A federal bankruptcy judge in Chicago has approved United Airlines' plan to terminate its employees' pension plans -- clearing the way for the largest corporate-pension default in American history.
The ruling carries broad implications for U.S. airlines and their workers. It shifts responsibility for United's four defined-benefit plans to the government's pension agency, saving the bankrupt airline an estimated 645 million dollars a year.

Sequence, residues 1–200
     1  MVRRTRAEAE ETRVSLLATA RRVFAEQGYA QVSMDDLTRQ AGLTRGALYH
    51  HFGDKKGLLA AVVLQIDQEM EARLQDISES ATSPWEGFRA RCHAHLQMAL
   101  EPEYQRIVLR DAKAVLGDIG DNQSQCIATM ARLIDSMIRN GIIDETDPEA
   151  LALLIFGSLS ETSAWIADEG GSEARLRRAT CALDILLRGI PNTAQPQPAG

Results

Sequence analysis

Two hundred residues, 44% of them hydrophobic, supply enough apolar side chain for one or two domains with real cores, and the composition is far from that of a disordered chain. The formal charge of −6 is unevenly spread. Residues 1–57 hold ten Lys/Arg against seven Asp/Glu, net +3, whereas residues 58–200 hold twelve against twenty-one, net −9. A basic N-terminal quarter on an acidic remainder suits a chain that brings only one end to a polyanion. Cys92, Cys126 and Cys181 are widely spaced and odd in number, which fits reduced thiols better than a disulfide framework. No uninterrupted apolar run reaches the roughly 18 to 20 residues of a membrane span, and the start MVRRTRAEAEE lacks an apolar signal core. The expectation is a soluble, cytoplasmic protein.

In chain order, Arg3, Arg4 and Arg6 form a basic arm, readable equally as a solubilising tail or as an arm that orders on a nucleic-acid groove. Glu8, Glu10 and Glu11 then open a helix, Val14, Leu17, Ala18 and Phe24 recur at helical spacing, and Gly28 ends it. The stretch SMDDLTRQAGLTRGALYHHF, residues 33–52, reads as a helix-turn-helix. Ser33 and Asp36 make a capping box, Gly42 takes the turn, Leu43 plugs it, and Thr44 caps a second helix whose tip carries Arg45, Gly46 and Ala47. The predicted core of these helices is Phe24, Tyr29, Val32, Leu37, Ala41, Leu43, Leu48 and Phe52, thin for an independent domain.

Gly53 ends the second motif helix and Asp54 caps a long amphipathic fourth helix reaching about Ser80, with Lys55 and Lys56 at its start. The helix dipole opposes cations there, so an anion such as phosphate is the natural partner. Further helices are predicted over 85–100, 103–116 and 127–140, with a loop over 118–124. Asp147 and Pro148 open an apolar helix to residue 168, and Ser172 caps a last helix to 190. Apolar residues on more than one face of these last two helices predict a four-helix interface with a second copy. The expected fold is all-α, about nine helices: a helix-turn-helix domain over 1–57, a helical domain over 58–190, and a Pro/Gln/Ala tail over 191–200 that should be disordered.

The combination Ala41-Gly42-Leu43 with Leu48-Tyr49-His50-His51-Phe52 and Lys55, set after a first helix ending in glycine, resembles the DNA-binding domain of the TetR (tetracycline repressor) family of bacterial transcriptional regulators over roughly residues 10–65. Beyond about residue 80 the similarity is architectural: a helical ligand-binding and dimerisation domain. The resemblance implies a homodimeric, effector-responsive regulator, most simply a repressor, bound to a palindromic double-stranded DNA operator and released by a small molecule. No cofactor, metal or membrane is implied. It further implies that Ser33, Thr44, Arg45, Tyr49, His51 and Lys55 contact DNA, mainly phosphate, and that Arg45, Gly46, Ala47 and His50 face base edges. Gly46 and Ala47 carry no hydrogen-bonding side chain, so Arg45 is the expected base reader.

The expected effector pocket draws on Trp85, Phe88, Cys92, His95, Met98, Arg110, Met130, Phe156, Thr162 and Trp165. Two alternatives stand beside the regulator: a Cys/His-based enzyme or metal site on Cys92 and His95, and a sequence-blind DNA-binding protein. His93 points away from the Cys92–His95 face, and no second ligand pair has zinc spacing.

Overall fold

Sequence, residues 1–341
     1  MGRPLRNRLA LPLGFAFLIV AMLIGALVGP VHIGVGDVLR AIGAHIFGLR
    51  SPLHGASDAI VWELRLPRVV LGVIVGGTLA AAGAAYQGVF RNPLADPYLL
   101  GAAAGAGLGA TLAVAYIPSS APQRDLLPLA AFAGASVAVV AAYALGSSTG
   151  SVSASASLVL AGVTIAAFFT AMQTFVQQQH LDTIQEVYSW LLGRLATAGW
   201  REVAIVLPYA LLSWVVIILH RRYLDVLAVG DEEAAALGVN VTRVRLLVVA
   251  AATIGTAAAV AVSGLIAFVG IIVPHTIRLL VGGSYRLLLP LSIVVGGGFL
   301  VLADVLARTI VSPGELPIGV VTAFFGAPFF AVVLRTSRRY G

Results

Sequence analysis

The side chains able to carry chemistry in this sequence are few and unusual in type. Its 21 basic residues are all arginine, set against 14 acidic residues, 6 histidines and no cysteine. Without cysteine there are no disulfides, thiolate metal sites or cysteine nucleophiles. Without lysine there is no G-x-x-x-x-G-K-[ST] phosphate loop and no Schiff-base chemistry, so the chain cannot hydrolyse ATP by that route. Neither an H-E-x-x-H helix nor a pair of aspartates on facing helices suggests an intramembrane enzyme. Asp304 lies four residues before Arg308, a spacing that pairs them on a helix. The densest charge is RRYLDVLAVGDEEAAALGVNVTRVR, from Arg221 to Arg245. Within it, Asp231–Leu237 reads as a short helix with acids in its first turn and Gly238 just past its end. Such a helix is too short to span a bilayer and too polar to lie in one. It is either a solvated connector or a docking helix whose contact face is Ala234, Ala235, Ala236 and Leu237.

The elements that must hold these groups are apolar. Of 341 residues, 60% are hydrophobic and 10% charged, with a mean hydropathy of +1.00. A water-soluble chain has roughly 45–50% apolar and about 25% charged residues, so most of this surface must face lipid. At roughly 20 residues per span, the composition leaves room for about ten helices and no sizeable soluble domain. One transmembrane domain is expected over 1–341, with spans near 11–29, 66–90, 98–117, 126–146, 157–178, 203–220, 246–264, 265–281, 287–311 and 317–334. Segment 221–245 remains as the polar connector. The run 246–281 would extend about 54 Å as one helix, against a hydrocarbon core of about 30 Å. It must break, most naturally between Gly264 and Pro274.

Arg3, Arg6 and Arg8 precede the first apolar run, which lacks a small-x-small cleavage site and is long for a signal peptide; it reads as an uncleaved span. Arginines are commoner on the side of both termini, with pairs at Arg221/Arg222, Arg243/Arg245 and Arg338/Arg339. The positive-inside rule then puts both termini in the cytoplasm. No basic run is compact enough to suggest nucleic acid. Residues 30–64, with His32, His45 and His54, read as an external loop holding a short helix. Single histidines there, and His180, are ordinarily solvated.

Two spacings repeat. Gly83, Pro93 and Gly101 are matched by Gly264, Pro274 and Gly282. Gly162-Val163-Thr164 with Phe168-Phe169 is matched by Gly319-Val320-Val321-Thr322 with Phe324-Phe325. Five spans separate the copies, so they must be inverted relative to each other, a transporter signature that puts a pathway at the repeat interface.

That's part of the two billion dollar annual savings the airline says it needs to line up enough financing to emerge from Chapter Eleven bankruptcy as soon as this fall.
But the cost will be painful to its employees, who stand to lose thousands of dollars annually off their pensions when they are assumed by the Pension Benefit Guaranty Corporation.